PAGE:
Live Now Die Later: A Book for the Sensitive Mind and Rugged Individualist
The sensitive mind and the rugged individualist are portrayed in the literature of antiquity by two brothers, the first-born and the second-born. The mind is the father of two sons. One side of us is conservative, cautious; the other side is radical and adventurous. A part of us is content with the status quo; another part of us seeks change and improvement.
The mind perceives first with the outer five senses: sight, hearing, touch, taste, smell. Those perceptions are recorded and processed for future use, and thus the mind has five inner senses, the second-born son.
In the Old and New Testaments this concept is expressed through several pairs of brothers. Cain and Abel, Ishmael and Isaac, Esau and Jacob, Joseph and Benjamin, Aaron and Moses, John and Jesus are all characters created to illustrate the mind's journey.
The eastern Mediterranean became a marketplace for the exchange of ideas that had their provenance not just in Athens or Alexandria, but made their way westward from India and China well over 2,000 years ago. The lunar calendar and the appearance of the full moon was not just vital to agriculture in Mesopotamia; it spawned metaphors that illustrated the mind at its brightest. Abraham, for example, Hebrew for "father is high," was a moon god who symbolized the full moon, i. e., the moon straight up or high. "Father" is high because the mind is the father of two sons.
Obviously, many concepts evolved independently, but migration and commerce exported and imported more than just figs and wine. Adam and Eve, the male and female of Genesis, are reflected in the yang and the yin of Taoism in ancient China. Elizabeth, Mary and Jesus are a variation of Demeter, Persephone and Dionysus.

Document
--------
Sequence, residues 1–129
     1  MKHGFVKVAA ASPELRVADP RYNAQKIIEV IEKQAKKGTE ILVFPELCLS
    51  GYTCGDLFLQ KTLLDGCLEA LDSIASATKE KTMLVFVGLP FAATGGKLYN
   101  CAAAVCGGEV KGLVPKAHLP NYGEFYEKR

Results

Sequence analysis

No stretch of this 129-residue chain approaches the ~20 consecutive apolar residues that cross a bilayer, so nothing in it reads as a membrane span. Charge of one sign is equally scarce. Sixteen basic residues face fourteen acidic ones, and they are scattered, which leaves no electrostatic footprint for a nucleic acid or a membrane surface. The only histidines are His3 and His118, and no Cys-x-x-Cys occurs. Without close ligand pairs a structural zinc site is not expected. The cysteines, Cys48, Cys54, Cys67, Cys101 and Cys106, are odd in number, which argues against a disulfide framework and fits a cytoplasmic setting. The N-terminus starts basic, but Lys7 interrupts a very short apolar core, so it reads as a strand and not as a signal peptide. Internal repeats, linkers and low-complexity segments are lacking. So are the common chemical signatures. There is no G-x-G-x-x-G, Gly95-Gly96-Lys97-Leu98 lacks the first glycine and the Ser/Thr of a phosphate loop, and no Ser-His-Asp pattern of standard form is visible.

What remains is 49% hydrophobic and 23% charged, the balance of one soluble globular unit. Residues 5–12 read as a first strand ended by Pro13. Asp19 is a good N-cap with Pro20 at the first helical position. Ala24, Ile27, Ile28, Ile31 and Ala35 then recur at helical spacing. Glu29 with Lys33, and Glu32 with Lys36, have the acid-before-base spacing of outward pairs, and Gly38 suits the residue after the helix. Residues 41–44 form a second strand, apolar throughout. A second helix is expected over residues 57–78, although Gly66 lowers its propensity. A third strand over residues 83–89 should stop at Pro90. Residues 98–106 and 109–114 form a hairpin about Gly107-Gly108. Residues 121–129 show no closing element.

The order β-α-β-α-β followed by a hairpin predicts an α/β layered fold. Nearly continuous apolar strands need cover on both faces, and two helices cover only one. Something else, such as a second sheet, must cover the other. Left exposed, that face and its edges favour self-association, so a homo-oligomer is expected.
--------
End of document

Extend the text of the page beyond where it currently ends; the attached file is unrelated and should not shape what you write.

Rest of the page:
Thinkers over the ages have struggled to come to terms with the rough and tumble of daily life. Some have even suggested that life begins in some faraway place after death. Others have tried to find the way to live now and die later.
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It is common knowledge that Egyptian priests practised the art of embalming in the time of the pharoahs . In the time of Homer and the Iliad there were distinct notions about the structure of the human body .
11 Serpent mythologies wound their way throughout the ancient world . They guarded the golden apples of the Hesperides . The Babylonian Ea , who sometimes had serpent attributes , introduced knowledge and culture .
56 At the Oracle of Delphi , wisdom was sought by posing questions to a woman called the Pythoness whose knowledge or power was believed to derive from inspiration from the gods . She was traditionally a virgin , since virginity ...
Knowledge is worthless if you do not use it , apply it , employ it , and so you have to sacrifice that knowledge in order to give it life . For whosoever will save his life shall lose it ; but whosoever will lose his life ...
... that I might take it again.66 Every time you do not ask questions that need to be asked , you deprive yourself of insights and you suffer one little death at a time because you are feeding your ego instead of your knowledge .